Thursday, December 13, 2012

The Wind

It's a cold, rainy day in San Diego. The ocean is choppy and white-caps punctuate the normally smooth horizon. Dark clouds hang low and students rush to class tucked deep within their jackets and scarves. It's finals week and we only have a day to go until break. Freedom is close; for me, it's just one more test away.

This morning I was up early to take donated gifts to the IRC Office. While our gift drive was a bit last-minute and attempted to extract presents from broke students, it was a success. I hauled three large, brightly-wrapped christmas boxes to the office and imagine the little hands that will be opening them in a few weeks time. Little hands, joyful eyes, grateful parents. It's a beautiful thing and I'm so glad we did it. Next year we'll be able to spend more time on it and advertise better. But driving back to campus in the rain, my mind raced with new ideas, possible partners, events we could do, ways to publicize throughout San Diego. We're on to something great here and I desperately don't want it to "die" next year when I hand the presidency over...or when I graduate. So it's building partnerships now; establishing longevity. I hope it lasts.

Back home, I return to the familiar place before the stove, slowly stirring the pasta that still not quite al dente. It's been pasta and alfredo sauce for the past four days - lunch and dinner - and you'd think I'd have turned into the rolly-polly Carb Queen by now, but the noodles refuse to disappear no matter how many I eat. Yet, it's not Top Ramen, so I'm not complaining. Anything with alfredo means gourmet, right? My man calls as I strain the noodles into the sink. We catch up on my morning as I cool the steaming pasta with my breath; I tell him of the rain, the gifts, the possible speaker I'm corresponding with for February's event, my final coming up I haven't studied for, the monotonous details of the day. We talk, he looks out the window at the honking cars below, I rinse off my dishes, we sigh and say goodbye for the next three days. He'll be traveling in Northern Peru with a friend and is leaving his laptop behind. A smart decision given the high rates of theft on the Peruvian road. I blow a kiss and we hang up.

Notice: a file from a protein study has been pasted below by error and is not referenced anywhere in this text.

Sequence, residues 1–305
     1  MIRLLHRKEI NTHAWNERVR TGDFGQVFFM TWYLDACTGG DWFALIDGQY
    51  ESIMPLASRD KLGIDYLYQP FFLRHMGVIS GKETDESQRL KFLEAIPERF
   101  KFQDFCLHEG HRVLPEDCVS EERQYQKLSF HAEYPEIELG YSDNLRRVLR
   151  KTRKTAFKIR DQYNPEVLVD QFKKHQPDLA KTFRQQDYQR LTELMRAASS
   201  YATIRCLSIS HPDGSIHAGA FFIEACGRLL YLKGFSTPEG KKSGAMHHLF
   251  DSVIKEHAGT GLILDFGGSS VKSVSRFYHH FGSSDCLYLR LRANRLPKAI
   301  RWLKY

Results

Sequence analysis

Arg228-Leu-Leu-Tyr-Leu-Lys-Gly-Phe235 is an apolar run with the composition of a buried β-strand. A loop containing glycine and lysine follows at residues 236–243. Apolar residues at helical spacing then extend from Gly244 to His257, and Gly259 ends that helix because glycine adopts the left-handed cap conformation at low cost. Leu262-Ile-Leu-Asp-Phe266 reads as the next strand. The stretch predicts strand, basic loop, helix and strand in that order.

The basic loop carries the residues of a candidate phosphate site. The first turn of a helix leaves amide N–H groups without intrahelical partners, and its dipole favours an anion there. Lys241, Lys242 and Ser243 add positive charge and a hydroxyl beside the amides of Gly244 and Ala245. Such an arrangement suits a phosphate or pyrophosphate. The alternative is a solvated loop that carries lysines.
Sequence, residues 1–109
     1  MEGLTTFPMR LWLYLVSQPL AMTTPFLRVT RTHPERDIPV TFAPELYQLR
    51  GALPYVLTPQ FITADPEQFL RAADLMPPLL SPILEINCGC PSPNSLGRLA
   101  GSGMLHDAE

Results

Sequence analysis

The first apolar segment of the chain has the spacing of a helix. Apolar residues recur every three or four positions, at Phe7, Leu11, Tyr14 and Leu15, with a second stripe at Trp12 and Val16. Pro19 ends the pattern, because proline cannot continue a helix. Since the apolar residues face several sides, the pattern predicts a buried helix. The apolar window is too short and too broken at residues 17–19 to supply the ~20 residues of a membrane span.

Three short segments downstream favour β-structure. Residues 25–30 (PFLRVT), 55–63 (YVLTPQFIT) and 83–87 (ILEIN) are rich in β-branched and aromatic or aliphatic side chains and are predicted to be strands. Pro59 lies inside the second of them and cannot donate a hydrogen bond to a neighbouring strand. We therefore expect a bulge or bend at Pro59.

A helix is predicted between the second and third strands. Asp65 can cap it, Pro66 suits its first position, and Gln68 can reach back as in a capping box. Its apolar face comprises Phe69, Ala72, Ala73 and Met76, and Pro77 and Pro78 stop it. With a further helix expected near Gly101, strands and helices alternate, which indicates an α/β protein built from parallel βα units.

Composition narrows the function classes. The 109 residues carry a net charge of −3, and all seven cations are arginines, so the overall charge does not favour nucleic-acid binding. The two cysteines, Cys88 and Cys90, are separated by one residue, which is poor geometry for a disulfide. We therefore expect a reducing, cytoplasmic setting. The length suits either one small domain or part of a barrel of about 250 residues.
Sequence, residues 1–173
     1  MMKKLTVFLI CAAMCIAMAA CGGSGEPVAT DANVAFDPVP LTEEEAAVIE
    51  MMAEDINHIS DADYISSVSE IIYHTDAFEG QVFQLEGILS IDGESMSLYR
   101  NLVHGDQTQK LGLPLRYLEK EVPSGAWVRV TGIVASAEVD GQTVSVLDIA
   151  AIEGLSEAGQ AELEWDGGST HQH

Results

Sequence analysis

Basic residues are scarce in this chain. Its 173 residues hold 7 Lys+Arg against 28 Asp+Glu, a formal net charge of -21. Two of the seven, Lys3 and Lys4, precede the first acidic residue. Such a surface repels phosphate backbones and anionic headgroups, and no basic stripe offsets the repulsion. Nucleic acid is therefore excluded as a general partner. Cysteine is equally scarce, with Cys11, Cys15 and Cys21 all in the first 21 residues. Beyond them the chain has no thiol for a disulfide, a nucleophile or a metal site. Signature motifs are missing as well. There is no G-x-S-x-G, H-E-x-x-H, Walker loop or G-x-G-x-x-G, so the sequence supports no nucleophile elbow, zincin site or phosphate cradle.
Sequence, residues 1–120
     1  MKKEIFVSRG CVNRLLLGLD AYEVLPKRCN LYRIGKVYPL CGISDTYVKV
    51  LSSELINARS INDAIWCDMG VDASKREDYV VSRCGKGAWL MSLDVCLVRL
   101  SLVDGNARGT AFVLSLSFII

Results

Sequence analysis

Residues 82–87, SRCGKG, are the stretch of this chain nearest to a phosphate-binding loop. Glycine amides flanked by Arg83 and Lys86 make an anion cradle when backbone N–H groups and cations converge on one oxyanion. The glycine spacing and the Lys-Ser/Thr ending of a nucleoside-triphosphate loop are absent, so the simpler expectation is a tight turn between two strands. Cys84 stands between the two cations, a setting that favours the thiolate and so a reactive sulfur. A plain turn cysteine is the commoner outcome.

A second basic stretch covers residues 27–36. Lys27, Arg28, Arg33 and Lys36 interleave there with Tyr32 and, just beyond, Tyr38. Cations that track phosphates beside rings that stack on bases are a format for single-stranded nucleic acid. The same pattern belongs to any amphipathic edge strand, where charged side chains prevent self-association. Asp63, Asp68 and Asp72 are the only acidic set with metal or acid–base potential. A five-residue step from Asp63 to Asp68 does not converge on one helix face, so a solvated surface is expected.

It's cold and rainy. Looking down over the treetops from my kitchen window, I watched the leaves flail in the gusts of wind blowing in off the ocean. White-caps punctuate the normally smooth horizon. My heart is restless, and I don't know why. I feel unsettled. Anxious. I feel disconnected with myself; unsure of what I feel or why. It's a strange feeling, but I'm going to blame it on the wind. The wind and the rain and the distance. 

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